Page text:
Key Words

Topics: Multiplication, Matrix, Addition Pages: 35 (1459 words) Published: September 25, 2014
3.1
Matrices
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Matrices
Matrices are classified in terms of the numbers of rows and
columns they have. Matrix M has three rows and four
columns, so we say this is a 3  4 (read “three by four”) matrix.

2

Matrices
The matrix

has m rows and n columns, so it is an m  n matrix. When
we designate A as an m  n matrix, we are indicating the
size of the matrix.

3

Matrices
Two matrices are said to have the same order (be the
same size) if they have the same number of rows and the
same number of columns.
For example,

and

do not have the same order.
C is a 2  3 matrix and D is a 3  2 matrix.
4

Matrices
The numbers in a matrix are called its entries or elements.
Note that the subscripts on an entry in matrix A above
correspond respectively to the row and column in which the
entry is located.
Thus a23 represents the entry in the second row and the
third column, and we refer to it as the “two-three entry.” In matrix B below, the entry denoted by b23 is 1.
Some matrices take special names because of their size. If
the number of rows equals the number of columns, we say
the matrix is a square matrix.
5

Matrices
Matrix B below is a 3  3 square matrix.

A matrix with one row, such as [9 5] or [3 2 1 6], is called a row matrix, and a matrix with one column, such as

is called a column matrix.
6

Matrices
Row and column matrices are also called vectors.

Any matrix in which every entry is zero is called a zero
matrix; examples include

and

We define two matrices to be equal if they are of the same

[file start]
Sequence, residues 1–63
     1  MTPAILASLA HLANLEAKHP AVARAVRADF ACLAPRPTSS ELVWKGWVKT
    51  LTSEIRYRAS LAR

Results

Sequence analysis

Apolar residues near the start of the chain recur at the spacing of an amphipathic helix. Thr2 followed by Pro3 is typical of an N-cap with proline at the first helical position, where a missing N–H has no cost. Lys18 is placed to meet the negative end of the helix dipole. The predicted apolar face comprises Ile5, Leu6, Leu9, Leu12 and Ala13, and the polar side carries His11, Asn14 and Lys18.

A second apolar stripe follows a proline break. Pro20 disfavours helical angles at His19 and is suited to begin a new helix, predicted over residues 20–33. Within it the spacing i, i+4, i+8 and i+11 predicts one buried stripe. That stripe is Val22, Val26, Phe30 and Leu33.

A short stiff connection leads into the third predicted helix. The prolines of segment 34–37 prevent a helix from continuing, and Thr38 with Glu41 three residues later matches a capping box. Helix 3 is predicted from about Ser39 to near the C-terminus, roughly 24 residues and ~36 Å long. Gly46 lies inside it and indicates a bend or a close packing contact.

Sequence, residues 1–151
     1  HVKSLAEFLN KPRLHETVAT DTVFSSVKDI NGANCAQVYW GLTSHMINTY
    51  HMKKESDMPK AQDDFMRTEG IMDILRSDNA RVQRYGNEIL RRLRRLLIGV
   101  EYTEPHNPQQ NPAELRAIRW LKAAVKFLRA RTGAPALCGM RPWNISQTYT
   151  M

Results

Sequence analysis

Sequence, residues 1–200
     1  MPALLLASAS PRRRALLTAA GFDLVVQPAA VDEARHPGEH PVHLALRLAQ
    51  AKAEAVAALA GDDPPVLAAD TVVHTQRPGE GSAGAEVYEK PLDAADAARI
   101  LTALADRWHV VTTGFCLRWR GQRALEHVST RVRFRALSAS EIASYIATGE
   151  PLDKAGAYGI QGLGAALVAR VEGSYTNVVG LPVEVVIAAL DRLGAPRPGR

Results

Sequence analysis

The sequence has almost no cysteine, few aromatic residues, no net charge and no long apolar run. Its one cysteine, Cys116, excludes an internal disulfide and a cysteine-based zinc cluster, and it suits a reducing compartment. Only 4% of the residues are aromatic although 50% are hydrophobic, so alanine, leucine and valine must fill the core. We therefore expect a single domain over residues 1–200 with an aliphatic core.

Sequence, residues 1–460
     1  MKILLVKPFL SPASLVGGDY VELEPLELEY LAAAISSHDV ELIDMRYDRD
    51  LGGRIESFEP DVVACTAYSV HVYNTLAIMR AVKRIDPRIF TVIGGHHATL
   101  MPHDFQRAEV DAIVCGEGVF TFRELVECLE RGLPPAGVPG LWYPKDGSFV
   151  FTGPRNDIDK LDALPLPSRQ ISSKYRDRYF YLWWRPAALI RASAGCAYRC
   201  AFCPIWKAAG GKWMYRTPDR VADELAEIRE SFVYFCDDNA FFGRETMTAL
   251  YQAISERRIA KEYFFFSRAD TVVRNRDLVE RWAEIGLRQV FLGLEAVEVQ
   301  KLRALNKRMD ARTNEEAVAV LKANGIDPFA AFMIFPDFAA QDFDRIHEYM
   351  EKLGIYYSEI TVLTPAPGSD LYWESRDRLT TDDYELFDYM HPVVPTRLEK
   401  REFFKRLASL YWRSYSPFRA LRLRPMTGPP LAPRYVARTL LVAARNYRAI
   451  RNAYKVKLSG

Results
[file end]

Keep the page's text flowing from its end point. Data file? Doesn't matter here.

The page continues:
order and if each entry in one equals the corresponding
entry in the other.
7

Matrices
When the columns and rows of matrix A are interchanged
to create a matrix B, and vice versa, we say that A and B
are transposes of each other and write AT = B and BT = A.

8

Example 2 – Matrices
(a) Which element of

is represented by a32?
(b) Is A a square matrix?

(c) Find the transpose of matrix A.
(d) Does A = B?
9

Example 2 – Solution

10

Addition and Subtraction of Matrices
Addition and Subtraction
of Matrices
If two matrices have the same number of rows and
columns, we can add the matrices by adding their
corresponding entries.

11

Addition and Subtraction of Matrices
Sum of Two Matrices

12

Addition and Subtraction of Matrices
Note that the sum of A and B could be found by adding the
matrices in either order. That is, A + B = B + A.
This is known as the commutative law of addition for
matrices.

The matrix –B is called the negative of the matrix B, and
each element of –B is the negative of the corresponding
element of B.

13

Addition and Subtraction of Matrices
For example, if

then

Using the negative, we can define the difference A – B
(when A and B have the same order) by A – B = A + (–B),
or by subtracting corresponding elements.

14

Example 5 – Balance of Trade
Table 3.2 summarizes the dollar value (in millions) of 2006
U.S. exports and imports of cars, trucks, and automotive
parts for selected countries.

Table 3.2

Write the matrix that describes the balance of trade with the selected countries for cars, trucks, and parts.
15

Example 5 – Solution
From Table 3.2 we represent the exports as matrix A and
the imports as matrix B.

The balance of trade we seek is given by the difference
A – B, as follows.

16

Example 5 – Solution

cont’d

Note that any negative entry indicates an unfavorable
balance of trade for the item and with the country
corresponding to that entry.
Also note that the 1–3 entry is the only positive one and
that it indicates a favorable trade balance, in automotive
parts with Canada, worth $11,820,000,000.

17

Scalar Multiplication
Scalar Multiplication
We can define scalar multiplication as follows.

Scalar Multiplication

18

Example 6 – Scalar Multiplication
If

find 5A and...
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